Please keep these home missions in your prayers as they continue to share the pure message of the gospel with more people in their communities. To stay connected with these and the other 141 home mission congregations scattered throughout the United States, Canada, and English-speaking West Indies, follow WELS Missions on Facebook at fb.com/WELSMissions.

 

 

Print Friendly, PDF & Email

Registration now open! Taste of Missions 2022

Registration is now open for Taste of Missions, a hybrid event that will be held on Saturday, June 11, 2022. Join us in person at Wisconsin Lutheran Seminary in Mequon, Wis., OR online to get a “taste of missions” no matter where you might be around the world.

The event kicks off with a special worship service where we plan to commission new home and world missionaries. Sample ethnic cuisine from some of our mission fields while enjoying fellowship and presentations from home and world missionaries alike. View displays, participate in outdoor family-friendly activities, and ask questions about the ups and downs of mission work during panel discussions.

Virtual attendees will be able to watch all events via livestream, view additional video updates from missionaries, and try their hand at making one of the many ethnic recipes shared on the website. View the full itinerary at tasteofmissions.com.

Registration is $15 per person, with children 13 and under attending for free. Those attending in person will receive food tickets to sample ethnic food and will have the ability to purchase additional food from the food trucks. Or attend virtually for free! Sign up today at tasteofmissions.com/register.

See you there!

WELS Home, World, and Joint Missions

 

 

 

Print Friendly, PDF & Email

Home mission church milestones – Fall 2021/Winter 2022

During the past few months, many home mission congregations have been blessed in a variety of ways. The following five congregations have either held a groundbreaking, launched public worship, purchased an existing facility, or dedicated their new church building. God is truly blessing mission work and the sharing of the gospel throughout the country.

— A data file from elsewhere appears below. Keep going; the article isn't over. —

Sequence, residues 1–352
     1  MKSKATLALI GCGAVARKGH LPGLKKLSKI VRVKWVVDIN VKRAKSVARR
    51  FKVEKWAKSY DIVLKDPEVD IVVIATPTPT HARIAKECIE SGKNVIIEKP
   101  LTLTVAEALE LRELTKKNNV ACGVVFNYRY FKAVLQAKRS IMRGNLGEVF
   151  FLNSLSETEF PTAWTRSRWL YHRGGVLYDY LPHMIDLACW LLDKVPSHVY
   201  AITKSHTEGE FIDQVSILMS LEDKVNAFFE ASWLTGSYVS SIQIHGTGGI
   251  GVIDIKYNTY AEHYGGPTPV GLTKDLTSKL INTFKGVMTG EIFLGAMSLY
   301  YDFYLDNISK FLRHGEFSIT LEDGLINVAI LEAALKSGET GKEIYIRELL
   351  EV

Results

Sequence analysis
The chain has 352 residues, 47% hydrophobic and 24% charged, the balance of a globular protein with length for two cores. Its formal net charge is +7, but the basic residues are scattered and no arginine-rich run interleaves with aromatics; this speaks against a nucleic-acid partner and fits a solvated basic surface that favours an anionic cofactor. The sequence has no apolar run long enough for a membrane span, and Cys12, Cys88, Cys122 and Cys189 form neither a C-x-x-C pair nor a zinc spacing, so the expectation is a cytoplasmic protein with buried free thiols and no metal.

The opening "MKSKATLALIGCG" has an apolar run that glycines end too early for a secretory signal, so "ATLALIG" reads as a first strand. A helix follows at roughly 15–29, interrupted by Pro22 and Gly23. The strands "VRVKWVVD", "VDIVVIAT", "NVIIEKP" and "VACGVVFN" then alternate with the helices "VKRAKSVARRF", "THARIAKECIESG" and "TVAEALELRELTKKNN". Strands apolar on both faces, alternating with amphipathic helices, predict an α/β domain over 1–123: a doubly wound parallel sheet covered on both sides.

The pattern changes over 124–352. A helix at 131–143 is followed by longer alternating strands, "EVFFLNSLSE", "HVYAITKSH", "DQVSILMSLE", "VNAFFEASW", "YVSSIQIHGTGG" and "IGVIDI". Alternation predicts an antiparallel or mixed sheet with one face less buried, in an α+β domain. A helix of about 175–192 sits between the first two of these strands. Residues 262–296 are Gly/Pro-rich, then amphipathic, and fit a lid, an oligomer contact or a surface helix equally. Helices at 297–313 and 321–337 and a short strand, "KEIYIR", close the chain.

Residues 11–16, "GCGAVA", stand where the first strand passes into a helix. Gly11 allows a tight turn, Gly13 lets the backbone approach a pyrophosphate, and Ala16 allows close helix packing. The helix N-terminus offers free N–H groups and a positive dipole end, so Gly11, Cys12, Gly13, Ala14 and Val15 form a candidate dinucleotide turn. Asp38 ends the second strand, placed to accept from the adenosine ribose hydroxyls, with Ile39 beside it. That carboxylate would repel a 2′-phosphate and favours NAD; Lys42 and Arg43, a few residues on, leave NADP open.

Carbon Valley Lutheran Church, Firestone, Colo.

Carbon Valley, a home mission congregation in Firestone, Colo., dedicated their new church building on November 14, 2021. They converted a former plant nursery into a new space where people will grow in their faith.

Carbon Valley received more than $575,000 in matching grants and their building loan through WELS Church Extension Fund (CEF), a valuable partner of WELS Home Missions.


Living Hope Lutheran Church, Chattanooga, Tenn.

Members at Living Hope Lutheran Church in Chattanooga, Tenn., got an early Christmas gift in 2021. . . a new church building! After months of searching for land and/or a space to remodel, an existing church structure came up for sale. They closed on the building, which was converted from a former auto garage in 2013, in December and were able to hold Christmas services in their new space.

The facility has a modern entrance space with a coffee bar, a worship center that fits 230+ worshipers, as well as offices, a nursery, and four classrooms. Living Hope received matching grants and a loan from WELS Church Extension Fund.


Citrus Grove Lutheran Church, Wesley Chapel, Fla.

Citrus Grove Lutheran Church in Wesley Chapel, Fla., held their grand opening worship service on Sunday, December 5, 2021. They kicked off the weekend festivities with a Family Christmas Fair on Saturday. Children received a free mini-tree to decorate, frosted cookies, sang carols, and got to take home a Christmas book that shared the true meaning of Christmas. People were then invited back for their grand opening worship on Sunday, where fresh squeezed orange juice was served after the service.


Good News Lutheran Church, Mt. Horeb, Wis.